Hippocampus: Atrophy of the hippocampus is linked to several psychiatric disorders that exhibit a higher prevalence in females. Moreover, variations in memory skills between males and females may imply differences in hippocampal volume (HCV). A 2016 meta-analysis, initially noting a greater HCV in males without accounting for total brain size, later revealed that after adjusting for individual differences and total brain volume, no significant sex difference in HCV was observed. This result was unexpected, given the anticipation that women might have a larger hippocampus volume.
Grey Matter: In a 2014 meta-analysis where differences were examined, various distinctions in grey matter levels between the sexes were identified.
For females, the findings revealed greater grey matter volume in the right frontal pole, inferior and middle frontal gyrus, pars triangularis, planum temporale/parietal operculum, anterior cingulate gyrus, insular cortex, and Heschl's gyrus. Additionally, larger volumes were observed in both thalami and precuneus, the left parahippocampal gyrus, and lateral occipital cortex (superior division). Particularly pronounced increases in volume for females were noted in right hemisphere areas related to language, along with several limbic structures such as the right insular cortex and anterior cingulate gyrus.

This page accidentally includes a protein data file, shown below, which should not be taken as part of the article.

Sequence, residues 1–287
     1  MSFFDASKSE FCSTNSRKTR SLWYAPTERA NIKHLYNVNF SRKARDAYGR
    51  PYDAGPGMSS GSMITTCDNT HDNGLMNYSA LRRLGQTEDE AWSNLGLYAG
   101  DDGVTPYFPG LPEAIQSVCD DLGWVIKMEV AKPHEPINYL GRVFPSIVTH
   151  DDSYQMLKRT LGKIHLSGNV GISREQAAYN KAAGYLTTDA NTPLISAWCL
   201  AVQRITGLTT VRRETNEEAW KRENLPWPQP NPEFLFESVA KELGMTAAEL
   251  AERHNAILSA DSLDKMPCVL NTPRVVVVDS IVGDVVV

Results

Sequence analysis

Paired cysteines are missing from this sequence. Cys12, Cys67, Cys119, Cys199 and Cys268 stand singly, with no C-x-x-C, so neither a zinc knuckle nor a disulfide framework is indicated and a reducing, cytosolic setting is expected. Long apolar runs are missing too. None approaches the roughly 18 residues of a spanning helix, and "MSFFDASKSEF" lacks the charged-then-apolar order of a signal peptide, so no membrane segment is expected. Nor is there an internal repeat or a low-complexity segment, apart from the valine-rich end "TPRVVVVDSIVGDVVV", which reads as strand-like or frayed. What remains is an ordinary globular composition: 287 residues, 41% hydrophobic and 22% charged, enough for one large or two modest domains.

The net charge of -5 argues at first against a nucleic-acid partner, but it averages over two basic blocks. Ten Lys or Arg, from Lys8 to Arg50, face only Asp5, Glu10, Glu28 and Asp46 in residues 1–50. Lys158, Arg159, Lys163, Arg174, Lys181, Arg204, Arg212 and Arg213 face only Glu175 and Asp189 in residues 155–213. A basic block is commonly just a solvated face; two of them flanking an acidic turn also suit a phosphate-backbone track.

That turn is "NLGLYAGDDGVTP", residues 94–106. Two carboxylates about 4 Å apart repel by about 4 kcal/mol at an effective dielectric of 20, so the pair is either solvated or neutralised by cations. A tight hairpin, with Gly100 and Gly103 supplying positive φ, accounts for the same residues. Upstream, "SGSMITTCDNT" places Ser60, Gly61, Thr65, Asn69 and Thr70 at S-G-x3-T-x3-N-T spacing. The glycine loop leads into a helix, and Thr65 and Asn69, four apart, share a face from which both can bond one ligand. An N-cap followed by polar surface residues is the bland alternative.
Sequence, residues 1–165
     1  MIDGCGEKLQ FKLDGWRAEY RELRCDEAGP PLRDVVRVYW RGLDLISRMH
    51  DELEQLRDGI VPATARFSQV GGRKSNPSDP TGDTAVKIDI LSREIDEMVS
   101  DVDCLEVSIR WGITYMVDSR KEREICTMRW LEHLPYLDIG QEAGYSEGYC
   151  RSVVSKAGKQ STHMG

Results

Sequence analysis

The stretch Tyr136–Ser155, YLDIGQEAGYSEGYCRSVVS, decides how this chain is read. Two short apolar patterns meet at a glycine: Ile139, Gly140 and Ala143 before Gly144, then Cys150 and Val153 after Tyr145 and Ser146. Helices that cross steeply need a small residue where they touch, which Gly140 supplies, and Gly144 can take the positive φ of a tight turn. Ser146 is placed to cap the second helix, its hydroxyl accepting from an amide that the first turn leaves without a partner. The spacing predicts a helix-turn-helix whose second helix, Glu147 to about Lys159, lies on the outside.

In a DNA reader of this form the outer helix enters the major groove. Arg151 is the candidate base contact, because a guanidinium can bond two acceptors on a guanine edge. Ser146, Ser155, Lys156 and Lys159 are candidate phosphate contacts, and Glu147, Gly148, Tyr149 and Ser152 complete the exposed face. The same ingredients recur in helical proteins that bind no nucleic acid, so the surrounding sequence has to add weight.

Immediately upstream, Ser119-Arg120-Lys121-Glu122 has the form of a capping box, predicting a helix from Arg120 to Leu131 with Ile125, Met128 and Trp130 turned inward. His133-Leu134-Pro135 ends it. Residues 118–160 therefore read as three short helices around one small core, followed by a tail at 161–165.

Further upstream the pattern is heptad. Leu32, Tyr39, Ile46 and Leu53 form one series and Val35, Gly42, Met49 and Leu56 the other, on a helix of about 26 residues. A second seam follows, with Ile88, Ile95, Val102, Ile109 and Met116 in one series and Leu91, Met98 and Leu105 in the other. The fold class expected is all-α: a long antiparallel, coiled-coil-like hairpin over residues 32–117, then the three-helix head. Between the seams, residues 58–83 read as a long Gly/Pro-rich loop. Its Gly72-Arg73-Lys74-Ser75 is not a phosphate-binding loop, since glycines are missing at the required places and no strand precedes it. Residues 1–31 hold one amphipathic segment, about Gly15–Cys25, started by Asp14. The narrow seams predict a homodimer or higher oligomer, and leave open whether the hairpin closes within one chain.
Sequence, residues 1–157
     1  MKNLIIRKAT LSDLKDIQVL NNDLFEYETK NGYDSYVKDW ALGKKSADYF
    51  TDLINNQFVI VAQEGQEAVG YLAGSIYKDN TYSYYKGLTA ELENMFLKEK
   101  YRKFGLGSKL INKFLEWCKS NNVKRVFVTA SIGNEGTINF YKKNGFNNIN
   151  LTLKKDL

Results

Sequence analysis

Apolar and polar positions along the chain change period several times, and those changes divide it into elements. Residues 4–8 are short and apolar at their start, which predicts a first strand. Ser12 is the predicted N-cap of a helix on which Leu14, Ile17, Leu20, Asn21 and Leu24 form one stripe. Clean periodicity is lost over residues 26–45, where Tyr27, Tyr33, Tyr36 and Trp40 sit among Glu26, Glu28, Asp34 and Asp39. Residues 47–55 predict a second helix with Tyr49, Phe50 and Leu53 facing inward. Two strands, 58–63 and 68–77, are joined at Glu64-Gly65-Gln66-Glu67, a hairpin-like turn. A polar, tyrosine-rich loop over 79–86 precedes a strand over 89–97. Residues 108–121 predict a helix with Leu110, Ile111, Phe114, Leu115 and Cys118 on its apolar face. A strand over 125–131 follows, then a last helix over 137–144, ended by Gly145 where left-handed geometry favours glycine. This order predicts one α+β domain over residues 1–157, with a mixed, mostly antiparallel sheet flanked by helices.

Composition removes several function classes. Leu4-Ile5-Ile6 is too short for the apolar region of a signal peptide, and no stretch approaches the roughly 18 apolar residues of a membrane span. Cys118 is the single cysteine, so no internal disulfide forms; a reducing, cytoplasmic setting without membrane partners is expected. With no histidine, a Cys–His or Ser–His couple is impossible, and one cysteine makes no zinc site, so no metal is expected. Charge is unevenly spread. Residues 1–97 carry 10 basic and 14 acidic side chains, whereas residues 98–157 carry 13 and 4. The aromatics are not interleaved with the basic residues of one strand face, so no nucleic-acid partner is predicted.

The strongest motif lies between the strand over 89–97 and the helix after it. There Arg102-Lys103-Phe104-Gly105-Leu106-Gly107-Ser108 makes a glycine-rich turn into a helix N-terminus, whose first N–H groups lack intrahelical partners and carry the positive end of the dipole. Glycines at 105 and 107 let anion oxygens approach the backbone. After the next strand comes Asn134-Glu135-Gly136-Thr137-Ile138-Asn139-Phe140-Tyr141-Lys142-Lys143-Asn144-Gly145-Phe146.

Conversely, males exhibited greater grey matter volume in both amygdalae, hippocampi, anterior parahippocampal gyri, posterior cingulate gyri, precuneus, putamen, and temporal poles. This included areas in the left posterior and anterior cingulate gyri and bilateral lobes VIIb, VIIIa, and Crus I in the cerebellum, as well as left VI and right Crus II lobes.
Density differences were also observed between the sexes. Males tended to have denser left amygdala, hippocampus, insula, pallidum, putamen, claustrum, and areas of the right VI lobule of the cerebellum, among others. Females, on the other hand, tended to have denser left frontal pole.
The significance of these differences lies in both the lateralization—males having more volume in the left hemisphere and females having more volume in the right hemisphere—and the potential utility of these findings in exploring distinctions in neurological and psychiatric conditions. Transgender Studies: Initially, investigations into the neurological distinctions of transgender individuals after death concentrated on the hypothalamic and amygdala regions of the brain. Through the application of magnetic resonance imaging (MRI), certain trans women were observed to possess putamina with dimensions akin to those typical of females, exceeding the sizes observed in cisgender males. Additionally, specific trans women exhibited a central region of the bed nucleus of the stria terminalis (BSTc) and the interstitial nucleus of the anterior hypothalamus number 3 (INAH-3) that resembled the female pattern, as determined by the number of neurons within each structure. Mental Health treatment should be personalised to a certain degree to cater to the differences between men's and women's brains. By doing so, we see better outcomes and more area-specific treatment results. For example, men may need coping skills related to the way they express aggression and stigma when faced with mental health issues, and women similarly would need to be more empowered and taught to handle their role better despite the patriarchal bias within society.